In August 2014, Sue went into septic shock from an undiagnosed bacterial infection. After 3 days in the Intensive Care Unit (ICU), our family was told to say final goodbyes as Sue wasn't expected to make it through the night. She beat septic shock despite being given less than a 5% chance of survival, but sepsis and the vasopressors used to keep her alive resulted in bilateral below-elbow and bilateral below-knee amputations.
Sue would spend 50 days in the hospital, 30 days at the Jim Thorpe Southwest Rehabilitation Center and another 6 weeks at the Center for the Intrepid at the San Antonio Military Medical Center. We returned to Oklahoma for the Christmas holidays and it became readily apparent that home is where we needed to be. In January 2015, we met with Hanger Clinic in Oklahoma City and started the long road of recovery for lower and upper extremity prosthetics. As part of learning to use her new myoelectric hands, we returned to Jim Thorpe Rehabilitation Center, this time the Northwest Oklahoma City location, for weekly occupational therapy. Throughout this entire journey, the 72nd Medical Group, Tinker Air Force Base, OK was instrumental in ensuring Sue received the best care possible.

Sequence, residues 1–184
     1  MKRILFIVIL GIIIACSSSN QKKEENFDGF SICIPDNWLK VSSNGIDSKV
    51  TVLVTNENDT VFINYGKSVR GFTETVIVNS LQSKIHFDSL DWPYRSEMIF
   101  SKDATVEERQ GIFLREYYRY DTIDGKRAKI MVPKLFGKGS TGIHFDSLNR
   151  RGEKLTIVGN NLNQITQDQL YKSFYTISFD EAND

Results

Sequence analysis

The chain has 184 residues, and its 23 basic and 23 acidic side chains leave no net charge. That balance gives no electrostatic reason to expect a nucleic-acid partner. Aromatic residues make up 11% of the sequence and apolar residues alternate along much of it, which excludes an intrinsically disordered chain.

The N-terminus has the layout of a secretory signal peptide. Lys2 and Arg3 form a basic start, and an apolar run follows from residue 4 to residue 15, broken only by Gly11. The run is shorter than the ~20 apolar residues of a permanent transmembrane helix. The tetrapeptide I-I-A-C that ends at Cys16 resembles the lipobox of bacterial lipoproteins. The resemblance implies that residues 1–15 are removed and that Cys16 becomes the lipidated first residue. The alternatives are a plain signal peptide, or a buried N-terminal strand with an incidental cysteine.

Sue has shown unwavering courage, determination and resiliency in the face of catastrophic injuries from her illness. Using her residual upper limbs, she has self-taught herself to do her makeup, do her hair, put in her contacts, get dressed and all the other daily tasks everyone takes for granted. She has mentored other amputees, participated in multiple 5Ks to raise sepsis and limb loss awareness, skydived, rode roller coasters, swam with Manatees and rode the rapids at Riversport Adventures! Together, we have shared our story at hospitals and healthcare systems in Maryland, North Carolina, Oklahoma, Nevada, New Jersey and Arizona as we seek to raise sepsis awareness and educate people on this devastating illness.
We simply can't say thank you enough to all the people who've played a role in Sue's recovery and in regaining her independence!
Know Sepsis...Save a Life
Many people have asked about the significance of the "7" on the left shirt sleeve. Sue's ICU room number was "7", at 7:00 PM on August 12, 2014 we had a family discussion where Sue made it clear she wasn't ready to give up yet, and finally her first dialysis machine was #7.
The "7" is on the left shirt sleeve because Sue is lefthanded. For these reasons, "7" has special meaning for us.
Team Sue Sepsis Awareness